Russian President Vladimir Putin talked with President Joe Biden on Thursday about the crisis in Ukraine and both sides are refusing to budge from their positions.
The call lasted nearly an hour and both sides restated their positions that have led to the diplomatic standoff. The U.S. wants Putin to pull back the 100,000 troops he has deployed to Russia’s border with Ukraine while Putin wants Biden to turn back the clock to the mid-1990s on NATO expansion.
Mr. Biden and Mr. Putin had radically different objectives going into the call. By massing troops on the border and then publishing two draft treaties that had echoes of Cold War-era demands, Mr. Putin created an international crisis and made plain his desire to wind back the clock 30 years, to just before the collapse of the Soviet Union. He demanded that Ukraine halt its embrace of the West, that the United States and its allies halt all military activity in Eastern Europe and Central Asia and that NATO freeze its expansion to the east and roll back military deployments near Russia’s borders.
Putin wants the ability to veto any NATO expansion and he has demanded that the alliance not position modern weapons in NATO nations like Poland and the Czech Republic. NATO has flatly rejected giving Russia any veto power over membership and doesn’t understand what Putin is bellyaching about.
During the conversation, Mr. Putin repeatedly accused the United States and NATO nations of placing offensive weapons near Russia’s borders, imperiling the country’s security. It is a charge that Russian officials have made repeatedly in recent times, at first puzzling American officials. At first it appeared they might be referring to Javelin anti-tank weapons and other small munitions the U.S. has provided to Ukraine to deter an attack.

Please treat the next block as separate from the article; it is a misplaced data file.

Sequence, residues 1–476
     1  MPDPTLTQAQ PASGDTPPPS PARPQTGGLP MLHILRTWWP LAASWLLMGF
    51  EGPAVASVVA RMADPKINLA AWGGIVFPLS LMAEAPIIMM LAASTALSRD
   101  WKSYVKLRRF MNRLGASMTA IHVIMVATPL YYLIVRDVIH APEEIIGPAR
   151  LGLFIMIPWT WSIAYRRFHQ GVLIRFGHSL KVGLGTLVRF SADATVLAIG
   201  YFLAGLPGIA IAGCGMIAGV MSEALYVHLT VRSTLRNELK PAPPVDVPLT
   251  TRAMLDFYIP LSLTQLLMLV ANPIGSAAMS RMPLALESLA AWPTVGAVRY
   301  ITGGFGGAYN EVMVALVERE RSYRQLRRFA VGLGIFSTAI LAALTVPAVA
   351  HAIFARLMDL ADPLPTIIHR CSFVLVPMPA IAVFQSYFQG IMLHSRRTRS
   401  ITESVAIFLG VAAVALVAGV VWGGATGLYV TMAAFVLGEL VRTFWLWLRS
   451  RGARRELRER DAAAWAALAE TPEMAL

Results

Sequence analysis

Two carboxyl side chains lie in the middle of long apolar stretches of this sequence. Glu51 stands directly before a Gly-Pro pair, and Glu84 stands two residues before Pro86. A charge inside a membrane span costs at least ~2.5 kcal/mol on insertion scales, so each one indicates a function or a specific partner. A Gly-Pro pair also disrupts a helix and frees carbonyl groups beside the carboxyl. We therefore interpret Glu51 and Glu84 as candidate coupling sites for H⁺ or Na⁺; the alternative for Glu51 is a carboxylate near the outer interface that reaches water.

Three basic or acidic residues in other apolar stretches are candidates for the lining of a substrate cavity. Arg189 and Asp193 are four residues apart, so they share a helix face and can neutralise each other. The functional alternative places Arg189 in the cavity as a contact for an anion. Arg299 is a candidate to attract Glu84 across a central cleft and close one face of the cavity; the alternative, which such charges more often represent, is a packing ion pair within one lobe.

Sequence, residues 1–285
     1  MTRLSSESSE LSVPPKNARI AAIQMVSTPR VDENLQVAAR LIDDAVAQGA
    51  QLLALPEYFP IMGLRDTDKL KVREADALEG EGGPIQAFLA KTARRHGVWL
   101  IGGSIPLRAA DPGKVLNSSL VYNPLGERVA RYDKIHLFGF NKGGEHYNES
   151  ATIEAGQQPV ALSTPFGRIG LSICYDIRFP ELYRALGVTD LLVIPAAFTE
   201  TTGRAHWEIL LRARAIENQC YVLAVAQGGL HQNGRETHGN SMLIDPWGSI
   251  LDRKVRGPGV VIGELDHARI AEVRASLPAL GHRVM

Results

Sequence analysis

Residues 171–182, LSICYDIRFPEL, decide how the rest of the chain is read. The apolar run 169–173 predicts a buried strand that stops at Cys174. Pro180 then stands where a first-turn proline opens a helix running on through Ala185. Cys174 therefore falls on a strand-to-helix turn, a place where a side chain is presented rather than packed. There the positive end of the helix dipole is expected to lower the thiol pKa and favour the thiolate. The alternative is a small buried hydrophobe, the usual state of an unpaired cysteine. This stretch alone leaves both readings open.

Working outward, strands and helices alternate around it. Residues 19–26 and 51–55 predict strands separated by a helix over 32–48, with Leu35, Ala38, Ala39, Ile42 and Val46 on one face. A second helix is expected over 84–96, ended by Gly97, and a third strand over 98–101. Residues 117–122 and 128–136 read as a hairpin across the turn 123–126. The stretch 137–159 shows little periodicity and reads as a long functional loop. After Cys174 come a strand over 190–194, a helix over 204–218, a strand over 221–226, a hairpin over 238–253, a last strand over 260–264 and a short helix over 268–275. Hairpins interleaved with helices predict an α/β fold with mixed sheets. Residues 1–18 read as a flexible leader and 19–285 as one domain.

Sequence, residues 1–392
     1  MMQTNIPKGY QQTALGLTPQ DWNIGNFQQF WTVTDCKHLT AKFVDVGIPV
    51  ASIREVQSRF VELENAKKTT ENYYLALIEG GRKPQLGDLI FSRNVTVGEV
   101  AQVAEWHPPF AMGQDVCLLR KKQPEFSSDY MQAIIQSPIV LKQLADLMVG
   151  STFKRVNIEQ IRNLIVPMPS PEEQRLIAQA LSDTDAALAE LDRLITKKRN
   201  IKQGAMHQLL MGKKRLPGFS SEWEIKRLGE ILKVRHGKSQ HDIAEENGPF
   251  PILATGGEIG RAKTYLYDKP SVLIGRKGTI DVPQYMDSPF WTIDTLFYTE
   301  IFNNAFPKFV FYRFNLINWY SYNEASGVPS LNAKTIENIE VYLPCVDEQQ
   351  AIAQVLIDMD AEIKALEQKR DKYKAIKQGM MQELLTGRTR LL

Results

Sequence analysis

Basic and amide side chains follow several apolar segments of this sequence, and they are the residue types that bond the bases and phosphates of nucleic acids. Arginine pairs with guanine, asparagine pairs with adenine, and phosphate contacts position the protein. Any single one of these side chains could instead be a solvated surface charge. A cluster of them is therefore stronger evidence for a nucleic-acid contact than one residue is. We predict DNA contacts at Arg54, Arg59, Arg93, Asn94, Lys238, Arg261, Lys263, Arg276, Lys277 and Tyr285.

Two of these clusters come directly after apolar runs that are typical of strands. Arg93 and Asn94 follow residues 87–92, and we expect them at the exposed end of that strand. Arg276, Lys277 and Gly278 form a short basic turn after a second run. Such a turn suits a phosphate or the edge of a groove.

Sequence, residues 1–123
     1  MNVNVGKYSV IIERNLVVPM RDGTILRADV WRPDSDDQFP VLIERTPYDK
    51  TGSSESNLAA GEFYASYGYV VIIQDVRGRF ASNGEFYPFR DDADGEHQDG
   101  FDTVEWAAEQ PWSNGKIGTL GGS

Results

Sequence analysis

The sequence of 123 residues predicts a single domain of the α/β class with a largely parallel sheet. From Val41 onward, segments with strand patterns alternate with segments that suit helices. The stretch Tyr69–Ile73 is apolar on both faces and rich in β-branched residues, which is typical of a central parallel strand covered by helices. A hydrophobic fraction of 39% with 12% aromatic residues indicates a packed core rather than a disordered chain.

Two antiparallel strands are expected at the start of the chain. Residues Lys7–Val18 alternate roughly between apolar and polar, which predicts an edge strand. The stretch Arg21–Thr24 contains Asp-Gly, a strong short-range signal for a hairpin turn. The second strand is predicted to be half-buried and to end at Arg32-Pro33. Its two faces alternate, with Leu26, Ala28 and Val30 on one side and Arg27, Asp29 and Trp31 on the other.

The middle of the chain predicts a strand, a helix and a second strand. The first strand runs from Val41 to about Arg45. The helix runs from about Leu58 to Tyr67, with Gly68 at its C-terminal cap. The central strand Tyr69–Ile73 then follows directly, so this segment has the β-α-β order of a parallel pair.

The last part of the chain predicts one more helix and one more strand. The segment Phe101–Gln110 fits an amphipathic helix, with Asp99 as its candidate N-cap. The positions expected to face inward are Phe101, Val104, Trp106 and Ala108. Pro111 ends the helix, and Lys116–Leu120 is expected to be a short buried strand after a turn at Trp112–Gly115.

It turns out, Putin is jawboning about missiles that don’t even exist.
But over time, it has become increasingly clear that the Russians are referring to nuclear and non-nuclear “global strike” weapons, including intermediate-range nuclear missiles that were prohibited by a treaty that Moscow violated for several years, and President Trump abandoned. Some U.S. officials say that Mr. Putin’s concern may provide some basis for new negotiations with Russia — especially because there are no current plans to deploy a new generation of such weapons on European soil.
Russia had already violated the missile treaty in question, which is why Trump pulled out in the first place. But before rushing to the negotiating table to surrender, Biden is going to have to deal with the specific threats from Russia about what would happen if the president imposed sanctions on Russia for an invasion of Ukraine.
Mr. Ushakov said Mr. Putin warned that any new, harsh sanctions would be a mistake, and that, as Mr. Ushakov put it, “in this situation, it’s better not to make such mistakes.” But he also said that Mr. Biden had observed more than once during the call that “it’s impossible to win” a nuclear war — something Mr. Biden has often said in public.
While the tone of the call was constructive, according to the Kremlin aide, Mr. Putin repeated his claims that Russia felt threatened by an encroaching NATO. He said that Russia would “conduct itself as the United States would behave if offensive weapons were near the United States.”
All of this suggests this is not a repeat of previous crises in Ukraine and Putin may, indeed, be willing to risk war to get what he wants both in Ukraine and from NATO. Putin may feel that the correlation of forces — including factoring in the will to resist him in Washington, London, Paris, and elsewhere in northern Europe — are in his favor and Russia may never be in a better position militarily to take on NATO in a conventional war.
Limiting NATO expansion and turning back the clock to before the bulk of the 30 NATO countries joined the alliance are reckless proposals that would back Biden and the West into a corner. Biden will probably not go to war over an invasion of Ukraine, but if the independence of NATO is threatened…?